|Table of Contents:
1. Letter from the Editor
2. Editor’s Picks
3. Ask & Answer
Issue #5 of the Writing.Com Reviewing Newsletter is: vivacious
Letter from the Editor:
“Dang, that is one ugly baby!”
“You let your child go out in public wearing that?”
I can’t imagine any parent not bristling at such comments. The same holds true for reviews that tear apart a person’s writing and have nothing positive to say about it.
Writers pour so much heart and soul into what they write, they consider every finished item their child. And yet, for any one to put their writing on display and open for critique takes courage. How many of us would put our literal children on a stool in the middle of a public square and invite total strangers to say whatever they want about them?
I think we all understand that about our writing, and it’s important to always remember every other writer feels the same way when we review. We’re invited to say what we will about their babies, both in public and in private.
While being honest in our assessment of any writing is paramount, doing so with compassion and encouragement is equally important. We’re here to improve our writing, and I think everyone reading this newsletter wants the same for every other writer, on this site or elsewhere.
A bit of an aside, but I think writers have the most fragile egos anywhere, yet at the same time, we need to have the toughest. Writing is one of the few careers that either succeeds or fails based solely on the opinions of others.
So how does one review a potentially fragile ego who nonetheless swallowed their fear and
allowed us to review their babies?
Everyone approaches this a bit differently, but some of the best reviews I’ve received, and read, have a similar basic structure:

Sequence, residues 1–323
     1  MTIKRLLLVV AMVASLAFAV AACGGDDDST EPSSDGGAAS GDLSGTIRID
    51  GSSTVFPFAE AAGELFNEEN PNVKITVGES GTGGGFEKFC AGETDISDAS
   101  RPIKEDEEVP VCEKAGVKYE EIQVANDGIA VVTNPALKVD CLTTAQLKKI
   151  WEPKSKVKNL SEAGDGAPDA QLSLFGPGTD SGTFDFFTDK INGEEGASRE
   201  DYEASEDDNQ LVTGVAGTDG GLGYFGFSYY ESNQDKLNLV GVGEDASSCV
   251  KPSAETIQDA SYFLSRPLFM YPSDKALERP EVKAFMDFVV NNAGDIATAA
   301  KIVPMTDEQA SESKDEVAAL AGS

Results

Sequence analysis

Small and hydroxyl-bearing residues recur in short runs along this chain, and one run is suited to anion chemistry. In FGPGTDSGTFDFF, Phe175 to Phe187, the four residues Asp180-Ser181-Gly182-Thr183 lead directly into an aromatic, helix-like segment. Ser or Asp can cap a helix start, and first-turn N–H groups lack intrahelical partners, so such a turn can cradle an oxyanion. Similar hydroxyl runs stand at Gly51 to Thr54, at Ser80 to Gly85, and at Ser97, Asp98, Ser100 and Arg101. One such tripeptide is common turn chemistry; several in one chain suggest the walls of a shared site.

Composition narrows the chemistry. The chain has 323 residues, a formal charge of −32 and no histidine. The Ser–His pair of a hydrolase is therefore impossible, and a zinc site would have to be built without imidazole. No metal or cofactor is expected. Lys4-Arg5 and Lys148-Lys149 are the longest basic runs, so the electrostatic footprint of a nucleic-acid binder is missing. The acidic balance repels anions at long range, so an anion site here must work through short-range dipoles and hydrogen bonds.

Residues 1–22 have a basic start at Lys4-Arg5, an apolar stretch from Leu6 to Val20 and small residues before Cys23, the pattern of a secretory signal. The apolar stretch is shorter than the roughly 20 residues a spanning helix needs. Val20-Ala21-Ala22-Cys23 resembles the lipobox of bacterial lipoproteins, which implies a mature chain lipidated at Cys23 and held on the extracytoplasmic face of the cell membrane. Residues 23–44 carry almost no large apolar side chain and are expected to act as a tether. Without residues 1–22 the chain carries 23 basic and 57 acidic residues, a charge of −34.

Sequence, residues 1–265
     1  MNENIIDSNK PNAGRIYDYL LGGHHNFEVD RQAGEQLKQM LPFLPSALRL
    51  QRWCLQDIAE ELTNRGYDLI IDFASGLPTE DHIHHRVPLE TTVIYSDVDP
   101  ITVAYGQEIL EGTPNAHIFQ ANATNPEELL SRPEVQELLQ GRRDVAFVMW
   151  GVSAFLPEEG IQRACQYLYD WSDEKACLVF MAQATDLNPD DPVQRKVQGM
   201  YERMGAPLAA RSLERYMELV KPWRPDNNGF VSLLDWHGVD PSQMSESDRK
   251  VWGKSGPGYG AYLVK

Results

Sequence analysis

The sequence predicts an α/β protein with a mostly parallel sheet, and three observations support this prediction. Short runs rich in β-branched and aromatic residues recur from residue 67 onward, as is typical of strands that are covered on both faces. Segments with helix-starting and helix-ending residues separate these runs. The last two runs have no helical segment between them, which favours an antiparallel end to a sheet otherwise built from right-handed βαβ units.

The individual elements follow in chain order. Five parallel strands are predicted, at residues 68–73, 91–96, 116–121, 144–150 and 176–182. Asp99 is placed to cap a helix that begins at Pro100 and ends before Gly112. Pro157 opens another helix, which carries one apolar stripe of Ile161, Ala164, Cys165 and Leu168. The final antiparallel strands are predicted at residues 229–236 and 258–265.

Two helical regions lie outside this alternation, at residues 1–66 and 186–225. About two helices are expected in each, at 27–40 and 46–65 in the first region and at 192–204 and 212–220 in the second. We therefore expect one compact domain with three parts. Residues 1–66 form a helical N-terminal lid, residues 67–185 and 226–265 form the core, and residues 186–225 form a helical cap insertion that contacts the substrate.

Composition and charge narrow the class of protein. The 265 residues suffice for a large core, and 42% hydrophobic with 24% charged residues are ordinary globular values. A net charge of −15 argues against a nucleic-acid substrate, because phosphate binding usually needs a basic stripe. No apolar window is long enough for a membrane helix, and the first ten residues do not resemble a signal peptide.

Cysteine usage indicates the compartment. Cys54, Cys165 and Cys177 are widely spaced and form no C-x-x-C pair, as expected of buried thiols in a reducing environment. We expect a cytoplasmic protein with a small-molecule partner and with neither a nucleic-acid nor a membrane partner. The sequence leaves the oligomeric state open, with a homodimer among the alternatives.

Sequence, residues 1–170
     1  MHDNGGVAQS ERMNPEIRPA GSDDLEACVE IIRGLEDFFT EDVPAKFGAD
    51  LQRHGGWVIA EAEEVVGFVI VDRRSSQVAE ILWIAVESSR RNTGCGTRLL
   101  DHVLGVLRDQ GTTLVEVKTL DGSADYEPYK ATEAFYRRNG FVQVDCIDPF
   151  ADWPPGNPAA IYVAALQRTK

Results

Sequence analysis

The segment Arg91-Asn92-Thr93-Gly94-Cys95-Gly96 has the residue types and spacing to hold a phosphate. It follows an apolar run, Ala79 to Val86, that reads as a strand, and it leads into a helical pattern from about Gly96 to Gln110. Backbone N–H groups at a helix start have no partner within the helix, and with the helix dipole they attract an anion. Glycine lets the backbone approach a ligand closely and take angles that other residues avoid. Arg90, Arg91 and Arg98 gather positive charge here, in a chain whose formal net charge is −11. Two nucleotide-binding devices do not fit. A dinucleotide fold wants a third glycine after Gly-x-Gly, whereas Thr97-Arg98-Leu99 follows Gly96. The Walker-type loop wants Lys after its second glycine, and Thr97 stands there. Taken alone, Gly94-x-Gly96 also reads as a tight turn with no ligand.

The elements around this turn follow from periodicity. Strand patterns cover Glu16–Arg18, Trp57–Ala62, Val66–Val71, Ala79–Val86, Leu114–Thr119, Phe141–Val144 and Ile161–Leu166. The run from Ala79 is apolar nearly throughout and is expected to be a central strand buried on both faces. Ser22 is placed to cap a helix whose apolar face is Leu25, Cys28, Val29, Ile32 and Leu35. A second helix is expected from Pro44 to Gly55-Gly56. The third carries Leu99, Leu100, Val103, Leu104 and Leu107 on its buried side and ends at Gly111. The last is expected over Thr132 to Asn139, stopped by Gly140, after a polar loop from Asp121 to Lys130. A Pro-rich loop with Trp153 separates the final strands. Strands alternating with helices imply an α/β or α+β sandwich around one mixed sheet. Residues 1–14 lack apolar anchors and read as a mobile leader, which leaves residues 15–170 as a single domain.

1. Start with a positive: Mentioning what we liked most about the item, whether we’re intrigued by the title, the first paragraph, the author’s voice, depth of the characters, or how it made us think and feel.
2. The critique: Describe here any grammatical mistakes, what could be improved as
far as clarity, continuity, loose writing, or any other ways to improve. It’s important to say with compassion. Show instead of telling is as important to reviewing as well as writing. Give examples as to why a sentence doesn’t work, or what word they misspelled. A template works well with this part if you want to highlight Plot, Setting, Characters, etc. Some of my editor’s picks give excellent examples of structuring the critique part of reviews.
3. End with a positive: We always remember the first words and last words of much
of what we read. Ending with an encouraging word, even if it’s a simple “Write on!” pushes the writer forward to keep writing and work towards improving.
In-depth reviews like these take a lot of time. As a reviewee, I always appreciate the lengthy reviews - even if I don’t agree with all their suggestions - because I know of the time and effort involved. The reviewer cared enough to take so much time out of his or her day to help little ole me when it’s something they didn’t have to do.
As a reviewer, I enjoy giving lengthy reviews, because I want to help other writers improve their craft. So many have done that for me, it’s the least I can do in return.
Ask & Answer:
No one asked questions from my last contribution, but two of you sent me links in response to creating a “How I Review” item. I thank you!